After having spent the last month or so largely immersed in films for Indy's Heartland Film Festival, a festival that emphasizes the transformative power of film, I must admit that I approached indie horror icon Bill Oberst, Jr.'s latest cinematic effort with a certain twisted gleam in my eyes as I readied myself to dive back into the world of indie horror and all things dark and depraved.
Writer/director Adrian Corona's Dis fits that description perfectly.
Dis is centered around the many legends of the mandrake, though I'd dare say it also creates a few of its own in telling the story of Ariel (Bill Oberst, Jr.), an ex-soldier with a criminal past whose unexpected encounter with the demonic caretaker of a secluded Mexican mandrake garden weaves together the story's ancient mythological and fractured human elements in exquisitely beautiful yet unfathomably horrific ways.
The film was actually filmed in Mexico, reportedly under incredibly challenging conditions, and Corona's desire to and success in giving the film a Latina horror feel casts a dark, otherworldly aura that is present throughout the film's slight yet efficient and effective 61-minute running time. Dis recently had its debut at TOHorror in Italy and looks to experience a wildly successful run with Corona's unique and inspired vision that makes the film radiate more a sense of terror than it does of actual horror.
Dis somehow manages to be both jarring and meditative, especially in the film's first 20 minutes or so when dialogue is kept to a minimum and we watch the slow, methodical way in which this demonic presence subjects his initial victim, a young woman, to whatever it will take to acquire the ingredients, specifically the seed of killers and the blood of the damned, in order to continue feeding the mandrake. These scenes are simultaneously horrifying and jarring and illusory and even a tad sensual, the mandrake's presence making even the most demonic presence seductive until it is too late.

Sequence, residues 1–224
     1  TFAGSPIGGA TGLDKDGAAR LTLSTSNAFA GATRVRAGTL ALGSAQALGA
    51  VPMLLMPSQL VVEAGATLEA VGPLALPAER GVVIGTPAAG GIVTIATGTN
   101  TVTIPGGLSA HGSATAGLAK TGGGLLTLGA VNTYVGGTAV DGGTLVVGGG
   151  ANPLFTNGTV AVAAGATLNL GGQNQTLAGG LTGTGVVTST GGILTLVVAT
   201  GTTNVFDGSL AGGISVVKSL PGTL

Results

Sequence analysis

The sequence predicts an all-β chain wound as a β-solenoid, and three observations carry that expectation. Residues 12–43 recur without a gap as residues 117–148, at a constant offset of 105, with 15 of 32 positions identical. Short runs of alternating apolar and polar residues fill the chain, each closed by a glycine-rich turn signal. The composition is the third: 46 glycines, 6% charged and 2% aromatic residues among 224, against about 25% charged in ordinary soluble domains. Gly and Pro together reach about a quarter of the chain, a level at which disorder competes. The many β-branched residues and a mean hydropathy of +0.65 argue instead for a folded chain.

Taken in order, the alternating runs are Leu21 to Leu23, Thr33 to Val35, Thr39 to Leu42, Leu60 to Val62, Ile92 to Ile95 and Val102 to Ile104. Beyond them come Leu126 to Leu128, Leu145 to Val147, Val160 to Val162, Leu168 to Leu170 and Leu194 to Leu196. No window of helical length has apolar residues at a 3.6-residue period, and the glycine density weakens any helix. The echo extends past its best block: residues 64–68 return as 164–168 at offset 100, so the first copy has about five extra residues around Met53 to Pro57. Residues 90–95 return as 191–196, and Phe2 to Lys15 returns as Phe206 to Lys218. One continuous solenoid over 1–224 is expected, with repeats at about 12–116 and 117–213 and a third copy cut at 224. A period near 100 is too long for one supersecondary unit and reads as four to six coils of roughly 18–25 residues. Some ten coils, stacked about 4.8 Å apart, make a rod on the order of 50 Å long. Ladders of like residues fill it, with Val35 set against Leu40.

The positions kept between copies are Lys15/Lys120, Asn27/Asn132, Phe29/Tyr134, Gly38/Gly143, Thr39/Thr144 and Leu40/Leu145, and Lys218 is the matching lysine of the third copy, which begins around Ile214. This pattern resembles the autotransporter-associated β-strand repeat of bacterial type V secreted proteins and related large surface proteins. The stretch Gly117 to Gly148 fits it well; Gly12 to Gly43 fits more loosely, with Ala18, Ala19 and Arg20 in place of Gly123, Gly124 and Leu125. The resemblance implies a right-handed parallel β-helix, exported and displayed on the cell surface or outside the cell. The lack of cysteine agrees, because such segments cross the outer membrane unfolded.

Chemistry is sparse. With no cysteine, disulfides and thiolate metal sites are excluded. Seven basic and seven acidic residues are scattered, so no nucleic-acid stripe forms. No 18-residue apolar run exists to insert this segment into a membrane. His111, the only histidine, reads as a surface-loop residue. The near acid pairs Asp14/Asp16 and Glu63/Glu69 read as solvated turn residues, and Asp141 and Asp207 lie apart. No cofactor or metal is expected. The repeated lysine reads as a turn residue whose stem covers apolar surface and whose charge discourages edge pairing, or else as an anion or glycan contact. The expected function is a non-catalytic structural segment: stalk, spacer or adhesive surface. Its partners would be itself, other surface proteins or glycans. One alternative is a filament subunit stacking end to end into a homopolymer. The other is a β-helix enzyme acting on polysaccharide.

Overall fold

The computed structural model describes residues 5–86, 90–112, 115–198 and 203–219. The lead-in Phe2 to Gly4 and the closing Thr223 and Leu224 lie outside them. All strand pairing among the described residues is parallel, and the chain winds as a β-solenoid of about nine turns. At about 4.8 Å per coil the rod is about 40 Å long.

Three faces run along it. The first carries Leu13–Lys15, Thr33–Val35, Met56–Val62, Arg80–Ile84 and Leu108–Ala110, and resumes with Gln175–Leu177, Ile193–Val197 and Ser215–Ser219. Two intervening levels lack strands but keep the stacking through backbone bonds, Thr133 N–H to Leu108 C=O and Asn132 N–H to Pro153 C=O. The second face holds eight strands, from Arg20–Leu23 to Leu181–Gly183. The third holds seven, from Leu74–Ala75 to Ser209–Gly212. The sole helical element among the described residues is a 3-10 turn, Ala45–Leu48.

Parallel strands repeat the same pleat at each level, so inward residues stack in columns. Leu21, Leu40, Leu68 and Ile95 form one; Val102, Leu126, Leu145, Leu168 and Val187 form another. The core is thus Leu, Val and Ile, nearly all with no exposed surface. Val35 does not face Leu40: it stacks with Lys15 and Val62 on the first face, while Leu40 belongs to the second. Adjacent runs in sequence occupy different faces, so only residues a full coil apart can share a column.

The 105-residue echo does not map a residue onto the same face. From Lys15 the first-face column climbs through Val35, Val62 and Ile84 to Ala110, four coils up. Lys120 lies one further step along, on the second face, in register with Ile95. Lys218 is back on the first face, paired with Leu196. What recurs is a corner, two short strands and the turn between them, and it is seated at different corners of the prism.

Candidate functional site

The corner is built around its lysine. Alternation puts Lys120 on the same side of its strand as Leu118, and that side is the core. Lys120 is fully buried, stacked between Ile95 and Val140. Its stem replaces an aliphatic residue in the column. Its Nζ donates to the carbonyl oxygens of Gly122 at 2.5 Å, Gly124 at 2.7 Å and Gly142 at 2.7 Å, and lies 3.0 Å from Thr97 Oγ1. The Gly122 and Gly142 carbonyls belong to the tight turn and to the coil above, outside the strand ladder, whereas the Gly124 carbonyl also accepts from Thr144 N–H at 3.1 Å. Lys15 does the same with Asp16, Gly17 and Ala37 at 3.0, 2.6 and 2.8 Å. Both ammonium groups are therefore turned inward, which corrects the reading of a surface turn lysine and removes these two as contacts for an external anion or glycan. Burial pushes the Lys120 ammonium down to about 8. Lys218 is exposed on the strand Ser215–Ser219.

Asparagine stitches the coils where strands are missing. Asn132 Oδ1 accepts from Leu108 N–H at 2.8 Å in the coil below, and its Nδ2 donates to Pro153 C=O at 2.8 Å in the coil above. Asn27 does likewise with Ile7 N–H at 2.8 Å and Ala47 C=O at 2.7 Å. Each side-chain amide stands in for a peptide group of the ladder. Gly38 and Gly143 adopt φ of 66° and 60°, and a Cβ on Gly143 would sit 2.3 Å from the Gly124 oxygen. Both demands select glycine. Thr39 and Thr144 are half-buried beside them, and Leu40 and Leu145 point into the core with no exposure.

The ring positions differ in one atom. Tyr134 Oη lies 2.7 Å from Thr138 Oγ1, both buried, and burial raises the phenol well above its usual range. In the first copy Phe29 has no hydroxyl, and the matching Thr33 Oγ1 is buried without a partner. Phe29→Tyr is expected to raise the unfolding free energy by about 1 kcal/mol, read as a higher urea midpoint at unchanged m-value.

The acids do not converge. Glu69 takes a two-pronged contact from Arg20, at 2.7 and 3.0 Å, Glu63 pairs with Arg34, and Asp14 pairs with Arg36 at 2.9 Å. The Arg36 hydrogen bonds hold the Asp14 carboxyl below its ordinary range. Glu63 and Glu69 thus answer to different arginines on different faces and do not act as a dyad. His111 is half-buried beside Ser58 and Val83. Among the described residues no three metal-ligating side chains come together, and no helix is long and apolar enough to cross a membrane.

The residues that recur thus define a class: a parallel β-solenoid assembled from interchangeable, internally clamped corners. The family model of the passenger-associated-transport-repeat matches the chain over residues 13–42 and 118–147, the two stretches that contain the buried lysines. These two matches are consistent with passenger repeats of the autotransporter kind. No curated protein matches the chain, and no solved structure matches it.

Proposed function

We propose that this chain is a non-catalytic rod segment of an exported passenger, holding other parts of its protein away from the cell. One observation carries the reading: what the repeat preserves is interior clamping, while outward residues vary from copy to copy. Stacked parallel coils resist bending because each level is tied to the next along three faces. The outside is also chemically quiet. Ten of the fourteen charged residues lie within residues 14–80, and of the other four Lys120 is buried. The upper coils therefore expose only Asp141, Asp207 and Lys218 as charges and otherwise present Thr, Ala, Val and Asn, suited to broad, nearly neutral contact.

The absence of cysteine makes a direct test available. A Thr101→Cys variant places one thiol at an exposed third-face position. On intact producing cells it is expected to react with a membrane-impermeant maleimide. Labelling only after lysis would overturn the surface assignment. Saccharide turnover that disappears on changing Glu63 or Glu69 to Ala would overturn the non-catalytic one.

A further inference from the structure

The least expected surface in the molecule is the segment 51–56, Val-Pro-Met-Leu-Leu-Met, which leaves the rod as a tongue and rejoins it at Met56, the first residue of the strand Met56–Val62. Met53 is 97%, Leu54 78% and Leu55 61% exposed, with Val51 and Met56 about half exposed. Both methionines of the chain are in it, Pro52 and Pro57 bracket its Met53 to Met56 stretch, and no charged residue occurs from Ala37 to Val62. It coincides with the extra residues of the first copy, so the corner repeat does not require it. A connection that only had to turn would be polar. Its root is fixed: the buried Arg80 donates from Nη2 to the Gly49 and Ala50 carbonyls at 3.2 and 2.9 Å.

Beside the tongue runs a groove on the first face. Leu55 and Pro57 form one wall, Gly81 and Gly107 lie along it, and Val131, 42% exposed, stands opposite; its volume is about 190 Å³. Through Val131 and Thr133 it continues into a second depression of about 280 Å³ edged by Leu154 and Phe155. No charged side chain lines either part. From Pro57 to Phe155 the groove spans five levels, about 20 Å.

By the time that Ariel arrives on the scene, it becomes apparent that Dis is a film that will allow the Emmy Award-winning Oberst to flex his acting muscles in a role that is simultaneously demonic yet stunning in its vulnerability. While Oberst's filmography in recent years has been filled to the brim with indie horror, this indie "terror" film is a reminder that he's an Emmy Award-winning actor, for Take This Lollipop, and may be a familiar face to fans of Criminal Minds.
In fact, Dis is an immensely satisfying, I can't really call it "entertaining," film in which Corona takes a modestly budgeted film and works wonders thanks to his terrific ensemble cast including Oberst, Jr., Lori Jo Hendrix and Peter Gonzales Falcon. Lensing by Rodrigo Rodriguez is spellbinding, a perfect weaving together horrifying intimacy and terrifying suspense. Kudos must be given to the film's entire team from original music to a production design that amps up the film's hallucinogenic atmosphere.
Dis is an intelligent, thought-provoking film that also absolutely terrifies, an intoxicating cinematic experience that leaves you breathless while also wishing it were even longer. Definitely not safe for work or children or the emotionally timid, Dis is a film that tears you apart and never promises to put you back together.
© Written by Richard Propes
The Independent Critic